Bwin.party announced that it has completed the sale of the Ongame Network to Canada-based Amaya Gaming, receiving an initial payment of €15 million and up to €10 million more dependent on the extent of legalized gambling in the U.S. within the next five years.
Currently the U.S. is set to forge ahead with regulated internet gambling on a state-by-state basis, but a recent federal bill to legalize online poker authored by Senators Harry Reid and Jon Kyl may be proposed in the lame-duck session of Congress following the Nov. 6 elections. The agreement between Amaya and bwin.party includes provisions for state or federal regulation.
“The exact amount of the contingent consideration will depend upon the extent of the regulation and, if not federal, is based upon the number of states that regulate and the total population covered,” a statement from bwin.party declared.
Nevada is thus far the only state to have already issued interactive gaming licenses and expects to be up and running with the country’s first legal online poker site by early next year. Delaware has also approved online gambling regulations and several other state legislatures have considered proposals.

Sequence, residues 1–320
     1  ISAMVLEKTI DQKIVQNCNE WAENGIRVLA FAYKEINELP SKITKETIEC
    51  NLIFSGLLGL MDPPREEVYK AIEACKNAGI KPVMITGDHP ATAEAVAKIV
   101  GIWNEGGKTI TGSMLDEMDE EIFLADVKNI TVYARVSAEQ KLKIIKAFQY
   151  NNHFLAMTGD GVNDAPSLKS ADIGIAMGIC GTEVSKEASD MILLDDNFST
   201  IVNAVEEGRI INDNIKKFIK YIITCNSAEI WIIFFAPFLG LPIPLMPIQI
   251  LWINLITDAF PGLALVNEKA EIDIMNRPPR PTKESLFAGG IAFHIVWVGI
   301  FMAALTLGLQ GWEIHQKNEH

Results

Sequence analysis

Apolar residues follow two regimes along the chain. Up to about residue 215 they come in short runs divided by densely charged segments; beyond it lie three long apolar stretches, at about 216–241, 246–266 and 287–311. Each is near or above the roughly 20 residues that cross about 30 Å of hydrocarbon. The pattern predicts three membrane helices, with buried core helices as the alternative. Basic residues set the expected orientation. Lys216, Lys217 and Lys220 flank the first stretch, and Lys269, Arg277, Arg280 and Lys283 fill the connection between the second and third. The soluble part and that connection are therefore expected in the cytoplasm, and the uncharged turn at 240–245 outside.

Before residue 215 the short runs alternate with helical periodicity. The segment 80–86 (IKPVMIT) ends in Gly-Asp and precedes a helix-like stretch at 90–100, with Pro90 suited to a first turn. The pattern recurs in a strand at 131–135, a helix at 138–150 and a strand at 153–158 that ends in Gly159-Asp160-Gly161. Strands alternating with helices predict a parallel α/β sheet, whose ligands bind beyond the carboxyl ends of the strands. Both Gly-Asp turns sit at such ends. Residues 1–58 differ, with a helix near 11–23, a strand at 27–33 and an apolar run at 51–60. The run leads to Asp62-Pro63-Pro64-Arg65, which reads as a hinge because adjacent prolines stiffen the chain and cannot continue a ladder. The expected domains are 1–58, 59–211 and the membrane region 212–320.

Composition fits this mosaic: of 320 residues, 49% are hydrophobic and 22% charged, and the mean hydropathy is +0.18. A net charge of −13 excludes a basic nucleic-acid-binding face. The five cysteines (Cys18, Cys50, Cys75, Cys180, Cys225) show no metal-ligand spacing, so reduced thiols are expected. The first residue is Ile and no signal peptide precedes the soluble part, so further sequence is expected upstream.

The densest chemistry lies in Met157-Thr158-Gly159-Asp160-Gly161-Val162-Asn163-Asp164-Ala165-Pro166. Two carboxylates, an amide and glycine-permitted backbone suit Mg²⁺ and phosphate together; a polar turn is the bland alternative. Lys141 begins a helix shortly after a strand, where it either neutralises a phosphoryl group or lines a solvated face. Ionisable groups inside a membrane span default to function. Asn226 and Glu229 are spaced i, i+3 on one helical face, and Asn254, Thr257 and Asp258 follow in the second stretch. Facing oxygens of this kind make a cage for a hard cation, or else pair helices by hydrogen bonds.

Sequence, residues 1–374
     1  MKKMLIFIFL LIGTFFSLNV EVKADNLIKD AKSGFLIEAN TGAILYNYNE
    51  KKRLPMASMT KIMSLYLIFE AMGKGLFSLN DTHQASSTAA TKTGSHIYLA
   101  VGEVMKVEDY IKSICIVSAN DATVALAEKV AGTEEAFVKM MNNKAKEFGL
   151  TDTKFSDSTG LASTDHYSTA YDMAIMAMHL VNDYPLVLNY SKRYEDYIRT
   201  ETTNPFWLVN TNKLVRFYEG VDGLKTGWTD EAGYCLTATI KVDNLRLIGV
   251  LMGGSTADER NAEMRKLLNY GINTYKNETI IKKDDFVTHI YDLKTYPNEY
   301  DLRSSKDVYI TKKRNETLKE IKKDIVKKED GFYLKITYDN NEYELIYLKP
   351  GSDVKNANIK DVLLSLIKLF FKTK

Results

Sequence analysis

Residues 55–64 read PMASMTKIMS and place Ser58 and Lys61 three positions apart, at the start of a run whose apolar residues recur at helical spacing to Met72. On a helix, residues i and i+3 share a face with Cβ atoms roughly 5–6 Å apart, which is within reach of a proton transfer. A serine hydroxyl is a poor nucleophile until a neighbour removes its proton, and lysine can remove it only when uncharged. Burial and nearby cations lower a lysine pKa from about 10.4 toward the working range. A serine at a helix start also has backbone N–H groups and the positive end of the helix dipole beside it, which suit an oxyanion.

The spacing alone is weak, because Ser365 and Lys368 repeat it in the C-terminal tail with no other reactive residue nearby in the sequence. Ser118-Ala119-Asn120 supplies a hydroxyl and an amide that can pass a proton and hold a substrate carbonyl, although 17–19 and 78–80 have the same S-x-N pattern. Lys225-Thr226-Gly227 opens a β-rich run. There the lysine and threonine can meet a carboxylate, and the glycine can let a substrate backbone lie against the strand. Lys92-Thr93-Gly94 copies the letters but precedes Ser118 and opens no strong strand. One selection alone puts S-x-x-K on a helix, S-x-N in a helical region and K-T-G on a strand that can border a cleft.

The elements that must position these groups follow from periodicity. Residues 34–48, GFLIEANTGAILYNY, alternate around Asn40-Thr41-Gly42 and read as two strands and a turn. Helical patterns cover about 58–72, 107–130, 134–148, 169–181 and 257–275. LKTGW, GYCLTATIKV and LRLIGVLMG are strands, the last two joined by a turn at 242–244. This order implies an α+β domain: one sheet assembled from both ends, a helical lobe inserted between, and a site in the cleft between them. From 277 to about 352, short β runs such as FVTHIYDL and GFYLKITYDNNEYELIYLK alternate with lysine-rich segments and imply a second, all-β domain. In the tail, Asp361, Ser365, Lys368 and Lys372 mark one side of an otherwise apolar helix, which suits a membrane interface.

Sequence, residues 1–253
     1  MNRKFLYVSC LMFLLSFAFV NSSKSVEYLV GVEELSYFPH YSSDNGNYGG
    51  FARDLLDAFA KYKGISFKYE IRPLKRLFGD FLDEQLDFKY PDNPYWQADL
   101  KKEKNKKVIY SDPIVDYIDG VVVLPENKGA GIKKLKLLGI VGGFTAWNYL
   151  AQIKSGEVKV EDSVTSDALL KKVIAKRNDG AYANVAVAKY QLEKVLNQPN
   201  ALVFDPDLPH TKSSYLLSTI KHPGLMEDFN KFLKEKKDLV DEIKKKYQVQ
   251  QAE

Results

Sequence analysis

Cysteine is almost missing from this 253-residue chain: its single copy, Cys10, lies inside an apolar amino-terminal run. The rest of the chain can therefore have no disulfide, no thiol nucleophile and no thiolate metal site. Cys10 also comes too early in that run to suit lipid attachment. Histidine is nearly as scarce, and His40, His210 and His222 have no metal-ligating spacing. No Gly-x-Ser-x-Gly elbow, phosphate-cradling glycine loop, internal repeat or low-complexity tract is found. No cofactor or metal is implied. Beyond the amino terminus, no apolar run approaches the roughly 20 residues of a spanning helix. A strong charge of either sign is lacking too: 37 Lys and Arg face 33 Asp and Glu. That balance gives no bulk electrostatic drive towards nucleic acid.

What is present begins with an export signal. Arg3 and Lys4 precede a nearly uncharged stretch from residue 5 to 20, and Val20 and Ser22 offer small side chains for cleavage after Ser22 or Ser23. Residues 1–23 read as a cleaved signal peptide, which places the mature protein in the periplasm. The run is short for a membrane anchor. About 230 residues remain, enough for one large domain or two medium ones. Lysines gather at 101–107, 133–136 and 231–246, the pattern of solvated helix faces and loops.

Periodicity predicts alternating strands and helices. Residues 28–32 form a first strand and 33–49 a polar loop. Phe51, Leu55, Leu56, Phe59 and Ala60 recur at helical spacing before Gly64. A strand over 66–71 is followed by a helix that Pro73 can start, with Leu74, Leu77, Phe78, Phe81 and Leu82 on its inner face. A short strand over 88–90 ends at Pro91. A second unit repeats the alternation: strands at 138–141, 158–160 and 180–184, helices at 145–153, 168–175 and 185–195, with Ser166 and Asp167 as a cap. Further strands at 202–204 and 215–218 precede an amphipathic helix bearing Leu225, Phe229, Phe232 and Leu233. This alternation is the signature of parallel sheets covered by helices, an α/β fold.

Bwin.party had been trying to sell Ongame since June of last year, considering the poker network a “surplus asset” following the merger of Bwin and PartyGaming in March 2011. A deal to purchase Ongame was agreed upon with Shuffle Master (recently rebranded to SHFL entertainment) in March of this year, but the company backed out three months later citing a poor business climate in Europe.
Ongame ranks fifth in worldwide player traffic according to PokerScout, but its numbers will likely diminish when Ongame poker skin Bwin migrates to the PartyPoker platform in 2013.
Amaya has been busy with acquisitions in the past 18 months, purchasing CryptoLogic and Chartwell in 2011, in addition to Cadillac Jack and Ongame this year.